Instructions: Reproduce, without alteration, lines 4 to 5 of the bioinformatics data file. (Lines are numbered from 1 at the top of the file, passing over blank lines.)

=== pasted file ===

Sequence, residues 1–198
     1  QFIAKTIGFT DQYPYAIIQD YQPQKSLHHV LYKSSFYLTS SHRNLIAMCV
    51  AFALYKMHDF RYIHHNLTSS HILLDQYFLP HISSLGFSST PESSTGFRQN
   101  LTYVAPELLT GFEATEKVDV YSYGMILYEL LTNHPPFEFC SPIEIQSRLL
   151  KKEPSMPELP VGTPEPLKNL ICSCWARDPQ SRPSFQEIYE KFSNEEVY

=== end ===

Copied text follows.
   101  LTYVAPELLT GFEATEKVDV YSYGMILYEL LTNHPPFEFC SPIEIQSRLL
   151  KKEPSMPELP VGTPEPLKNL ICSCWARDPQ SRPSFQEIYE KFSNEEVY